2014 Stanford Delegation

2014 Stanford Delegation
Stanford Delegation in the UCA Chapel

Thursday, March 27, 2014

Women’s Rights in Amando Lopez

By Cara Ta
Domestic violence is an international issue and a phenomenon that affects women across the globe. After four days in El Salvador, I began to understand the scope of the problem and the number of people who are affected by it. As a student and an advocate for the end of domestic violence against women, I have always viewed the issue from a distance. Facts and statistics have always affected me, but until now the problems have never felt personal. Along with expanding my world view, this trip has allowed me to question and evaluate my personal motivations for fighting domestic violence. 

At this point in our trip we have traveled from San Salvador to Morazon and we have now arrived at Amando Lopez. Amando Lopez is a small community of 750 people that was established after the Salvadoran civil war; it is a community that enabled many refugees and guerrilla fighters own their own plot of land for the first time. To my surprise, I was welcomed with open arms into my host family’s home. Along with a friend, I stayed with a young lady. She is eighteen years old; she runs a household with two rooms, a kitchen, and an area for chickens. Kind and wiser than her years, she is also a mom of a two year old. After settling in, my friend and I observed that we were surrounded by a number of women. Two of her relatives were also working around the house and we took that to mean that it was a household run by women. 
A Meeting with the Elders of El Chile

Later in the day, we had the chance to speak to our host and one of the issues we touched upon was women’s rights. She responded excitedly by telling us that she took classes in women’s rights through a local organization named ACUDESPAL and she had just been certified to teach classes by that organization. After showing us her certificate, she told us that she was involved in a number of women’s organizations. However, she was quick to mention that although her husband supported her, he refused to attend men’s classes for women rights and domestic violence. This aside, she began to share a few stories of domestic violence abuse experienced by her fellow women’s rights workers.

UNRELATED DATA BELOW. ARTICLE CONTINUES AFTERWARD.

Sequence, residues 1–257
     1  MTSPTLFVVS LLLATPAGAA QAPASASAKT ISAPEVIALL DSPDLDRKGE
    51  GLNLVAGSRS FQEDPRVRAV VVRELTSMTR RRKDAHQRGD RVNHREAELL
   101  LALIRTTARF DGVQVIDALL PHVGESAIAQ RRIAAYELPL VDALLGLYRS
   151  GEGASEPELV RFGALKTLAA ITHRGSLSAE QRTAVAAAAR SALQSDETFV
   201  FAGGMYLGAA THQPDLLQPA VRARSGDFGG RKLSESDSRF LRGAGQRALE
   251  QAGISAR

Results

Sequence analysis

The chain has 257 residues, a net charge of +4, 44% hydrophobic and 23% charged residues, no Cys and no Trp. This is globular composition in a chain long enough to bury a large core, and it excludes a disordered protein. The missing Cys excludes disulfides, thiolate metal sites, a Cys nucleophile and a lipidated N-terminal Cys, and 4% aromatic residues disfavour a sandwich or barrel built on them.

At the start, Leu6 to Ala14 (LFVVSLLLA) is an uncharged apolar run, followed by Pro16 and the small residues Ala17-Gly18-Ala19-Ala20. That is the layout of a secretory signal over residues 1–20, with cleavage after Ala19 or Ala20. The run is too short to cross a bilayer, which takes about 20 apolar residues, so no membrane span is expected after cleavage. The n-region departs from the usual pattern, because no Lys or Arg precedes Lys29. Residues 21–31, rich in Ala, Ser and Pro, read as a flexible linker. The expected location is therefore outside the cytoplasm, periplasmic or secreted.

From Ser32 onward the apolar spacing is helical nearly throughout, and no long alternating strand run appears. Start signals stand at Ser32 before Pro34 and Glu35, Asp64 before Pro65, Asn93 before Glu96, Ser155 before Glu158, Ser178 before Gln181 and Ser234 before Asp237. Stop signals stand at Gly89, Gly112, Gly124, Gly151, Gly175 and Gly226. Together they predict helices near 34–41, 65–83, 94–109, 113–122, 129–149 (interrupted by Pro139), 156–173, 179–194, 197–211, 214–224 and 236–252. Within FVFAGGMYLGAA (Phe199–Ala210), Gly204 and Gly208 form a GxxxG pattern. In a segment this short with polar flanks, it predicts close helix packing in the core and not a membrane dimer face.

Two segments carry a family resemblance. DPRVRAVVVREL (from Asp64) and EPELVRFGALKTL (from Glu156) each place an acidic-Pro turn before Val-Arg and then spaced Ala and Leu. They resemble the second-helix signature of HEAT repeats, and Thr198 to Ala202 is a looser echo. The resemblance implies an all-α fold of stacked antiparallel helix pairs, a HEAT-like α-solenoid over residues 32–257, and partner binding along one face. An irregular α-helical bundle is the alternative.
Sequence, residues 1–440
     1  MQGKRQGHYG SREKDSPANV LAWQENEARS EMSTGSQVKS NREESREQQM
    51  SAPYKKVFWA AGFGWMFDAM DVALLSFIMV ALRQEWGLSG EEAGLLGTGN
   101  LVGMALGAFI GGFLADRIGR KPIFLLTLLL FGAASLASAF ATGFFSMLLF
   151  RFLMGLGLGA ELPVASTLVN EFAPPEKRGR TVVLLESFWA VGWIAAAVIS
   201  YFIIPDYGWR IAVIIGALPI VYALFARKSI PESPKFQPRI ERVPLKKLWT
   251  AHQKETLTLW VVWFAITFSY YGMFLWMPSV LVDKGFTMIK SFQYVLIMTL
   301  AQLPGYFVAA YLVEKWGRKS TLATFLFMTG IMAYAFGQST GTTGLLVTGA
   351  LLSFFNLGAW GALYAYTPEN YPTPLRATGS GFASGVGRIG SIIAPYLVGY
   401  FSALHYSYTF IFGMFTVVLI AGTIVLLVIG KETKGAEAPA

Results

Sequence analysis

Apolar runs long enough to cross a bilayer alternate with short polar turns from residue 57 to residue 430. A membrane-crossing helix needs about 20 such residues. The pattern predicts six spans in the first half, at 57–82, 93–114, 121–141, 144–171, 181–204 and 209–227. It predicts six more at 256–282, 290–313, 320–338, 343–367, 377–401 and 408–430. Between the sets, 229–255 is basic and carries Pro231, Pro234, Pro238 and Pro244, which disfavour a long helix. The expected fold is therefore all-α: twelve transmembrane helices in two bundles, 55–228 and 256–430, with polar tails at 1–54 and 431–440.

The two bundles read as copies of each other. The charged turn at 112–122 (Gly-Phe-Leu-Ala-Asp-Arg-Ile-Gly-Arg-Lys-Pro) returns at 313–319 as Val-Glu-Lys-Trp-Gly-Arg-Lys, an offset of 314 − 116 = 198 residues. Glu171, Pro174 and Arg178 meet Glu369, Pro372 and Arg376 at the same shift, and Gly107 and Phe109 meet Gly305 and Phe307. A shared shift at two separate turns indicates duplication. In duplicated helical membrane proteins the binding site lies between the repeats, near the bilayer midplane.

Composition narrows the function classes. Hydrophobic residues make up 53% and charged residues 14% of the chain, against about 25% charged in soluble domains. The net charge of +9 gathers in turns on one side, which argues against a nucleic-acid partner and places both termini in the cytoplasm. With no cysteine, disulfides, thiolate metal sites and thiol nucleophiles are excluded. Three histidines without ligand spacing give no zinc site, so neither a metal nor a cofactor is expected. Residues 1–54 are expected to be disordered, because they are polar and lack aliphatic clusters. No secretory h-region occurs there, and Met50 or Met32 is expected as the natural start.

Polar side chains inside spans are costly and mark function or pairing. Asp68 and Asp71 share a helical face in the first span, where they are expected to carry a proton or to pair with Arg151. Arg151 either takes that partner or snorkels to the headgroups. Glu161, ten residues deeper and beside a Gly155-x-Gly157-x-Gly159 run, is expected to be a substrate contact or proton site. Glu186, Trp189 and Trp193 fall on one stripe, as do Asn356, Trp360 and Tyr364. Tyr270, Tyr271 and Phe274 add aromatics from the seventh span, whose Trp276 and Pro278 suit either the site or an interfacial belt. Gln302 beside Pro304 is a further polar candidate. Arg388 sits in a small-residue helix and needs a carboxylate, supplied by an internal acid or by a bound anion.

One story involved a husband who discovered that the child he was supporting was not his. As a result, the child and woman were beaten to death and the community was collectively helpless. Another story involved a woman who consistently suffered from domestic abuse. However, her story had a happier ending in that she was able to open a bakery and escape her situation when she was economically independent. 

After hearing these stories, I began to observe our host’s interactions with her husband. As a leader in the community, he attended university and earned a degree in social work. Along with his volunteer work as one of the leaders of Amando Lopez, he also worked for the ACUDESPAL organization. At first, I believed that the household was very equal between both our hosts. However, I began noticing that she was more submissive in the presence of her husband. She consistently deferred to her husband in conversation, and would act on his commands to take care of their daughter. Additionally, when my friend asked if he knew how to cook as we shared a meal, he said that in their culture, men do not participate in women oriented activities. Afterwards, my friend and I remarked that for such a progressive leader and member of the community, the subtle culture of machismo persisted both in his household and conversation. Among the many themes that I have explored on this trip, women’s rights and domestic violence have struck me personally as I listened to women in El Salvador speak about their experiences fighting for their rights as well as their stories of those affected by this global issue.

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